The Fortunate Consequences of Getting Lost in Minnesota


A web of dirt roads crisscross the Superior National Forest in the far northern reaches of Minnesota, teasing combustion-propelled visitors with a taste of the state’s wilds. To really experience the solitude of this place, you need a paddle and the willingness to get lost—like the French-Canadian voyageurs who explored these lands and waters by canoe in the 19th century. Yet these roads and the free sample of the forest adjacent are enough to hook you.


Northern Minnesota comes as advertised: decadently green pines shoot out of the forest canopy like the spikes of a wrought iron fence; lakes (surely there must be more than the 10,000 boasted of on the license plate) dot the landscape like freckles on the forest’s face (the first, noteworthy, the 100th, indiscernible from the previous 99). At night, the mosquitos organize their attack like a well-trained military battalion, producing a constant, unsettling din, interrupted only by the distant yowls of timber wolves.


We entered these wilds from the east, regrettably leaving the Great Lakes in Madge’s rearview mirror. I mapped out a rough route on the Forest Service map that would take us from Lutsen on Lake Superior to lively Ely to Voyageurs National Park. But despite the Service’s best intentions, it’s easy to miss the small wooden road signs when distracted by a glass-smooth lake reflecting a pastel painting of greens, blues, and the pinks of the setting sun. But missing a turn means passing another lake—this one somehow smoother, greener, bluer, and pinker than the last.


Cell service is hard to come by in the Superior National Forest, yet every time I check in on the day’s automotive news (a regular hobby of mine), there are more and more stories about the latest autonomous automobile technology. Stories about the coming wave of convenience and efficiency that will result from ceding the car’s controls to a computer. As we missed turn after turn dodging potholes and washboard patches of road, seemingly lost in the boreal forest, I thought a lot about the future of driving. I thought a lot about the future of road trips.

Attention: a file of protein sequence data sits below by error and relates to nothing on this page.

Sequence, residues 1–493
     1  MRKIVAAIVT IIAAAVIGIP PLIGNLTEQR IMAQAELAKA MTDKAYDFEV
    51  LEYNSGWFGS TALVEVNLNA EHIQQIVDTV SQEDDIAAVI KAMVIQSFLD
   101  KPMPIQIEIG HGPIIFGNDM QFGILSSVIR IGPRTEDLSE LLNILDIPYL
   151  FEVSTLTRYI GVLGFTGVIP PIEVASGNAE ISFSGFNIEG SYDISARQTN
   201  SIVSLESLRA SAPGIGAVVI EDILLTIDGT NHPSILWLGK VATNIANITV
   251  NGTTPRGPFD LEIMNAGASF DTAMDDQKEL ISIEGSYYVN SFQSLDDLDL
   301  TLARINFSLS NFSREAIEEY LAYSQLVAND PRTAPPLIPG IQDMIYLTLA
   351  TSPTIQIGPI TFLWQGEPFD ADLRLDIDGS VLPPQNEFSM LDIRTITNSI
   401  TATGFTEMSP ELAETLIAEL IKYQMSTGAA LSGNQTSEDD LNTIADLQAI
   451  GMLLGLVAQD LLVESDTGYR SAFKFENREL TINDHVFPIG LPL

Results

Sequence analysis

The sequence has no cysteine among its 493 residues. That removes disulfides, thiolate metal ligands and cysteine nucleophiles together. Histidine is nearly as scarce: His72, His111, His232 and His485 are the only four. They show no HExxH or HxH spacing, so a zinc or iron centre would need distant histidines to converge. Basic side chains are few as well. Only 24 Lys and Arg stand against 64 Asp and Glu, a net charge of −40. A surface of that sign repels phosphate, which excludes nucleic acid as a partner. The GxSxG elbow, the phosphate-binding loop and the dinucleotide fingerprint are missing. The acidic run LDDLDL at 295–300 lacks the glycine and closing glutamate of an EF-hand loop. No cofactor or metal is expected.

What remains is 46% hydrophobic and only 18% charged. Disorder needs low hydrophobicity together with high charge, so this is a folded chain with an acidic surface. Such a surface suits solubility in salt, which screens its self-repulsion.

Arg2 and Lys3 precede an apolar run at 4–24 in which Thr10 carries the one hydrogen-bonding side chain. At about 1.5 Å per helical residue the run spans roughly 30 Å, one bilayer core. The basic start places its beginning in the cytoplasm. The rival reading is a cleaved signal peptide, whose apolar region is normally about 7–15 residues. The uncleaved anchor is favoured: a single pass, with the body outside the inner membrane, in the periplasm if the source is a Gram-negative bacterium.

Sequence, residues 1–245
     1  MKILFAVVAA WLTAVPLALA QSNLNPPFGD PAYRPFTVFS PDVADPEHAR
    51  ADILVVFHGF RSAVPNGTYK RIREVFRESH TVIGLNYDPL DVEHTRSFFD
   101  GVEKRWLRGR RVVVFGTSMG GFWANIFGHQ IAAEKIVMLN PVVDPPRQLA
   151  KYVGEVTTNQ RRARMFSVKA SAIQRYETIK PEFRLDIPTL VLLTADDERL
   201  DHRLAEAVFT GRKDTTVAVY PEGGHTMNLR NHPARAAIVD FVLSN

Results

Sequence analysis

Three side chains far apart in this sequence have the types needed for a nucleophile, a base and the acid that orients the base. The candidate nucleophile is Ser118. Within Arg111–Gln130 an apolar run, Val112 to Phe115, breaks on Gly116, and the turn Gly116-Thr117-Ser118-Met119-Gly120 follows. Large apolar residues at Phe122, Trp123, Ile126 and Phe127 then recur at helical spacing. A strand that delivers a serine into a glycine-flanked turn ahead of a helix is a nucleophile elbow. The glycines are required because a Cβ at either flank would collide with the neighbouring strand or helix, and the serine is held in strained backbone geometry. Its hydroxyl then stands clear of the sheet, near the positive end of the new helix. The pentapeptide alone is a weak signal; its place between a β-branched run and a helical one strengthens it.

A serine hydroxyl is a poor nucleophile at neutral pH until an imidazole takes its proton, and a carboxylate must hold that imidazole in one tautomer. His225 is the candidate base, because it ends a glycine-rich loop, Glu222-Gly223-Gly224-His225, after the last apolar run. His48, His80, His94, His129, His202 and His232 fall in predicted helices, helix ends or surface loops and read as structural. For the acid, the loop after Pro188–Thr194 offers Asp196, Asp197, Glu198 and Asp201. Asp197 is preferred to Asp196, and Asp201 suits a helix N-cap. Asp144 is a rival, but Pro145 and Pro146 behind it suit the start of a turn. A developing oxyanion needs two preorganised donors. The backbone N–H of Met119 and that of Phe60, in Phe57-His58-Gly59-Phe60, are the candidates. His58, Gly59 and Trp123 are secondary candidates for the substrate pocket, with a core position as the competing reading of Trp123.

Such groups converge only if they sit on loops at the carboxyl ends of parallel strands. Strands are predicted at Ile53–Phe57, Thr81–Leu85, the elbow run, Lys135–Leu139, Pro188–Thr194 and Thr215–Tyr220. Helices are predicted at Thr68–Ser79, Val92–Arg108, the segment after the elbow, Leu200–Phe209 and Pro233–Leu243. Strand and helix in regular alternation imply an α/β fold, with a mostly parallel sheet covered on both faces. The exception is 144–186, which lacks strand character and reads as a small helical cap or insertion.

I thought about how it will be impossible to get lost—to miss the turn while dwelling on the majesty of a virgin Minnesota lake, only to be rewarded with the next. I thought about how hard it will be to command the car to stop and impulsively take a side road to explore what’s around the bend. And I thought about how you’ll never contemplate the way the dirt road banks around a corner, how you’ll never notice the increasing number of dragonflies as you attempt to dodge their frantic flightpaths, and how you’ll miss the slightly increased vibration in your car’s steering wheel portending coming mechanical problems. Is what’s left even a road trip, let alone an adventure?


We eventually got off the roads and deeper into the wilds. On the recommendation of locals, we rented a canoe to paddle the famed Boundary Waters like the original voyageurs—the one-million-acre wilderness area along the Canadian border, home only to wildlife (the last non-native resident of the BWCA, the famed “Root Beer Lady,” died in 1986). While physically exhausting, our 20-mile day-paddle rewarded us with no less than 15 bald eagles and the exhilaration of exploration.


Northern Minnesota is truly spectacular. It’s remote, but teeming with energy. And it has a hardiness and grittiness that remind you—like the voyageurs before—you will always be just a visitor. But the essence of experiencing this place will be undoubtedly diminished when getting lost becomes a choice programmed into a computer, rather than a fortunate consequence. For when we’re shuttled around by a robot, we’ll never explore that next lake—its greens, blues, and pinks left to glimmer only for the wildlife.





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